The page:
Archive for the ‘life extension’ category: Page 7

Jan 18, 2023

Scientists make new discovery about reversing the ageing process

Posted by in categories: biotech/medical, genetics, life extension

Researchers look at DNA of lab mice and ultimately reverse ageing process Related: Empowered Aging Scientists have made a new discovery about how to reverse the ageing process through looking at the way in which cells in DNA are organised. In a new study published in Cell, David Sinclair, who is a professor of genetics at Harvard Medical School, and his team described how they looked at a genome, which is called epigenome, in mice to study the ageing process.

Jan 17, 2023

Combining Multiple Maps Reveals New Genetic Risk Factors for Age-Related Macular Degeneration

Posted by in categories: biotech/medical, genetics, life extension

Summary: Study uncovers new genetic risk factors for age-related macular degeneration, a leading cause of vision loss in adults.

Source: PLOS

Combining a map of gene regulatory sites with disease-associated loci has uncovered a new genetic risk factor of adult-onset macular degeneration (AMD), according to a new study publishing January 17 in the open-access journal PLOS Biology by Ran Elkon and Ruth Ashery-Padan of Tel Aviv University, Israel, and colleagues.

Jan 17, 2023

Inside the US facility that has cryofrozen 199 ‘patients’ and 100 pets

Posted by in categories: biotech/medical, cryonics, life extension

This American cryonics facility has preserved “patients” in liquid nitrogen-filled tanks until a future date when technology allows them to be thawed.

Jan 16, 2023

Michael Greve | Longevity Investing @ Vision Weekend France 2022

Posted by in categories: biotech/medical, computing, life extension, nanotechnology

This video was recorded at the Foresight Vision Weekend 2022 at Château du Feÿ in France.

Michael Greve | Longevity Investing.

Continue reading “Michael Greve | Longevity Investing @ Vision Weekend France 2022” »

Jan 16, 2023

Epigenetic “reboot” reverses aging in mice and could extend lifespan

Posted by in categories: biotech/medical, genetics, life extension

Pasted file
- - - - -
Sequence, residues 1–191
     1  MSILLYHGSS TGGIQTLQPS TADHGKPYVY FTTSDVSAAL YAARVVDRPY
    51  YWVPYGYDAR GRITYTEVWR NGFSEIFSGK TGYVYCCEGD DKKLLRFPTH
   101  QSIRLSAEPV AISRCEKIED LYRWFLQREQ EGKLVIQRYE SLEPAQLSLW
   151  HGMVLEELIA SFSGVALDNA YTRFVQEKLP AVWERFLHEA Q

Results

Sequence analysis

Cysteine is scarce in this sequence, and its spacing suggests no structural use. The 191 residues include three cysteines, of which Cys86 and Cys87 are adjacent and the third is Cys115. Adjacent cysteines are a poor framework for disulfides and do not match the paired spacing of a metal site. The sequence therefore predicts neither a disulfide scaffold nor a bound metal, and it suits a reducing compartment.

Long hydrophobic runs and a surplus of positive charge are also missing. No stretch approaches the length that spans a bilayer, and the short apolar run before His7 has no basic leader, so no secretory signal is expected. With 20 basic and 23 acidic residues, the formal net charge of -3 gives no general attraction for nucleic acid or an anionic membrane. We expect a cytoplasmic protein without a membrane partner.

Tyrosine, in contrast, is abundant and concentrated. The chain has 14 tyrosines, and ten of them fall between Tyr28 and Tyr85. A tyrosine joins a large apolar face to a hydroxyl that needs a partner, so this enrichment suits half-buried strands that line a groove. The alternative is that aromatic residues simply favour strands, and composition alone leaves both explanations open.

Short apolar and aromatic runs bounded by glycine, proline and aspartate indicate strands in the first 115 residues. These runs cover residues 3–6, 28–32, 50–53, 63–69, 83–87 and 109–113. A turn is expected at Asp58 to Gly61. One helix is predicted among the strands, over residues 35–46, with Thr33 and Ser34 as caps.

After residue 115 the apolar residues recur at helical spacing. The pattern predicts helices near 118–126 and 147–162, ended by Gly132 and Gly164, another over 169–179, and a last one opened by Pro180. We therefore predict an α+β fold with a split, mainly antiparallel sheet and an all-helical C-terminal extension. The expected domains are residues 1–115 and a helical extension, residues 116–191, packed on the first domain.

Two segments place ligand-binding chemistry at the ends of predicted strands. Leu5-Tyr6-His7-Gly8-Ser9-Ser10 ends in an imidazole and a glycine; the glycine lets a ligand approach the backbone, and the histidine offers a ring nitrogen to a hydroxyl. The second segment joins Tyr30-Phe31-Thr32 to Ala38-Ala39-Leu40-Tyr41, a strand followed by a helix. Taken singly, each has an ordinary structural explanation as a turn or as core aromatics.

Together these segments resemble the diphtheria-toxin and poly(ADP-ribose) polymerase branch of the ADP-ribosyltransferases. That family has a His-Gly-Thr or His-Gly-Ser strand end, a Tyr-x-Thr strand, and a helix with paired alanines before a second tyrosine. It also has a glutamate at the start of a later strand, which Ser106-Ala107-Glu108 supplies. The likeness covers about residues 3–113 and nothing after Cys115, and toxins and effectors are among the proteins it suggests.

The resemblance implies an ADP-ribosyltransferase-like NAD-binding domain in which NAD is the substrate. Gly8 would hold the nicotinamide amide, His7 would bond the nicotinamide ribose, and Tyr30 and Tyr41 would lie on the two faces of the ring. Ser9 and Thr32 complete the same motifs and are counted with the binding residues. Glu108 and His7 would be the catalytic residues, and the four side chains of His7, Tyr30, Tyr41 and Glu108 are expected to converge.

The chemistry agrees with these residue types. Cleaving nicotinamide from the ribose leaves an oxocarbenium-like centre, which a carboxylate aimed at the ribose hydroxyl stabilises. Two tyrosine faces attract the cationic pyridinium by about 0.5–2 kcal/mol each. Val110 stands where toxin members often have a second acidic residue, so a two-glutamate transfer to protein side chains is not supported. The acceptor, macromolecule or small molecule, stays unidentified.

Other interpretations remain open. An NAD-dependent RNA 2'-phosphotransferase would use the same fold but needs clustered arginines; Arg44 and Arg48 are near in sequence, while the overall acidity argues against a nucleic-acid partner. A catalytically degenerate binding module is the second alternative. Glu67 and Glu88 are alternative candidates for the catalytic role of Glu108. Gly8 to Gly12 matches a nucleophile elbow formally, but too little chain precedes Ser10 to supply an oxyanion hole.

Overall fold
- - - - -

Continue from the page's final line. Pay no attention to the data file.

Scientists at Harvard Medical School have investigated why we age, and identified a possible way to reverse it. In tests in mice, the team showed that epigenetic “software glitches” drive the symptoms of aging – and a system reboot can reverse them, potentially extending lifespan.

Our genome contains our complete DNA blueprint, which is found in every single cell of our bodies. But it’s not the whole picture – an extra layer of information, known as the epigenome, sits above that and controls which genes are switched on and off in different types of cells. It’s as though every cell in our body is working from the same operating manual (the genome), but the epigenome is like a table of contents that directs different cells to different chapters (genes). After all, lung cells need very different instructions to heart cells.

Environmental and lifestyle factors like diet, exercise and even childhood experiences could change epigenetic expression over our lifetimes. Epigenetic changes have been linked to the rate of biological aging, but whether they drove the symptoms of aging or were a symptom themselves remained unclear.

Jan 16, 2023

The loss of epigenetic information accelerates the aging process

Posted by in categories: biotech/medical, genetics, life extension

Chromatin structures and transcriptional networks are known to specify cell identity during development which directs cells into metaphorical valleys in the Waddington landscape. Cells must retain their identity through the preservation of epigenetic information and a state of low Shannon entropy for the maintenance of optimal function. Yeast studies in the 1990s have reported that a loss of epigenetic information compared to genetics can cause aging. Few other studies also confirmed that epigenetic changes are not just a biomarker but a cause of aging in yeasts.

Epigenetic changes associated with aging include changes in DNA methylation (DNAme) patterns, H3K27me3, H3K9me3, and H3K9me3. Many epigenetic changes have been observed to follow a specific pattern. However, the reason for changes in the mammalian epigenome is not yet known. A few clues can be obtained from yeast, where DSB is a significant factor whose repair requires epigenetic regulators Esa1, Gcn5, Rpd3, Hst1, and Sir2. As per the ‘‘RCM’’ hypothesis and ‘Information Theory of Aging’’, aging in eukaryotes occurs due to the loss of epigenetic information and transcriptional networks in response to cellular damage such as a crash injury or a DSB.